Teachers unions have — predictably — attacked President-elect Donald Trump and his nominee for education secretary, Betsy DeVos, a conservative Michigan power broker who has pushed to expand taxpayer-funded vouchers for private and religious schools, moves that some teachers see as a threat to public education.
Perhaps less predictably, the Trump-DeVos team also has divided those who consider themselves part of the education reform movement: Some are cheering what they see as an extraordinary opportunity to bolster alternatives to traditional public schools, while others fear that the duo could split the bipartisan alliance that has helped vouchers and charters expand quickly during the past two decades.
Some worry that Trump’s rhetoric about immigrants, inner cities and women — and the support he has won from those who promote racism and anti-Semitism — could drive Democrats and people of color away from any education policies he embraces. Others are concerned that, based on her record in Michigan, DeVos will push for a rapid expansion of school choice — via vouchers and charters — without concern for school quality, leaving families with more, but not necessarily better, options and undermining the argument for choice.
“Will the new administration love school choice to death?” Robin Lake, a charter school supporter at the University of Washington’s Center on Reinventing Public Education, asked last month in the journal Education Next.
School-choice advocates believe that giving parents options beyond their traditional school systems allows them to have control over their children’s education and can force public schools to improve. There always have been disagreements among those advocates about how to design and promote choice, but those differences were often played down in the interest of presenting a unified front.
With an incoming administration that appears hostile to unions and friendly to choice, the intramural battles have intensified.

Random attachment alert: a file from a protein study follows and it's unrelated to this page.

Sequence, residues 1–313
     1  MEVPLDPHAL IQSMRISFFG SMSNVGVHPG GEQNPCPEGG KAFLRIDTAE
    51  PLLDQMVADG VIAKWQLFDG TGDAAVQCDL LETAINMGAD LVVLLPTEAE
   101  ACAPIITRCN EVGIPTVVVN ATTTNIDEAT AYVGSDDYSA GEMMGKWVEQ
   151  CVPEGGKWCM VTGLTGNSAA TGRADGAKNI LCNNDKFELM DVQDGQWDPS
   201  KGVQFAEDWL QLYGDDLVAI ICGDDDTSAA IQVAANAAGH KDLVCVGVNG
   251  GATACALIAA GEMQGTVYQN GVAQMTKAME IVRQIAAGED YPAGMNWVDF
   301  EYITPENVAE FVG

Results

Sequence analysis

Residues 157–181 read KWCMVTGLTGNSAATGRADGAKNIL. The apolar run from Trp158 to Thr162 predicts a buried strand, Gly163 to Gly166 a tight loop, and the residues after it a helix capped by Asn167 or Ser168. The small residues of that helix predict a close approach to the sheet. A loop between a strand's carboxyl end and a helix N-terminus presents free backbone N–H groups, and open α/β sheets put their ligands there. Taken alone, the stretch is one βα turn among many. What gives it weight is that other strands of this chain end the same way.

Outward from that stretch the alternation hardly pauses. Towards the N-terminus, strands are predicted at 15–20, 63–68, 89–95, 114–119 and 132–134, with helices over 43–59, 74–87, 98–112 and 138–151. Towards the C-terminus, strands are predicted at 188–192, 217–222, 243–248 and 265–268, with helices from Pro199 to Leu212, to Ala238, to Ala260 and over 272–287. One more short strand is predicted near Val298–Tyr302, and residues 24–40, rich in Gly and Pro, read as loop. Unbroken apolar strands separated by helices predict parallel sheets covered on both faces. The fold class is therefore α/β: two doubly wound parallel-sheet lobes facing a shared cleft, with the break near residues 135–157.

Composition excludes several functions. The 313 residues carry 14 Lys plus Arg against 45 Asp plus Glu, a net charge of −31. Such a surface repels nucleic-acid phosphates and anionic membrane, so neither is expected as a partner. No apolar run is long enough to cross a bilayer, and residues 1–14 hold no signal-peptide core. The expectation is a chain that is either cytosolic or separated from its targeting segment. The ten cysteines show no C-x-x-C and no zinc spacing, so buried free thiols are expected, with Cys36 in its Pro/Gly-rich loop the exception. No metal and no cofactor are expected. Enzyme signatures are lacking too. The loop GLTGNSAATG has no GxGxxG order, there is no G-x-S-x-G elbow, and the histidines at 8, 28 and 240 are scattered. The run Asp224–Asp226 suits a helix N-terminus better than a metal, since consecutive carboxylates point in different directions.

“It’s a little like the transition from the Cold War,” said Greg Forster, a senior fellow at EdChoice, a pro-voucher advocacy group. “Two sides have now become this fragmented landscape.”
[Trump picks billionaire Betsy DeVos, school voucher advocate, for education secretary]
One division is over Trump himself. The president-elect has associated himself more with school choice than with any other education policy, pledging a new $20 billion federal program to expand vouchers and charters nationwide.
Forster, a Republican until he left the party this year, favors a free-market approach to education that could get a big boost from the Trump administration. But Forster said he doesn’t want school choice to be identified with Trump, whom he views as divisive and racist.
“We in the school choice movement have spent a generation building bridges between the conservatives and libertarians traditionally associated with the issue and progressives and ethnic minority communities,” Forster wrote in a recent blog post. “We can’t afford to throw all that away.”
In an interview, Forster said that there must be “a bipartisan coalition if we’re serious about this as the future of American education.”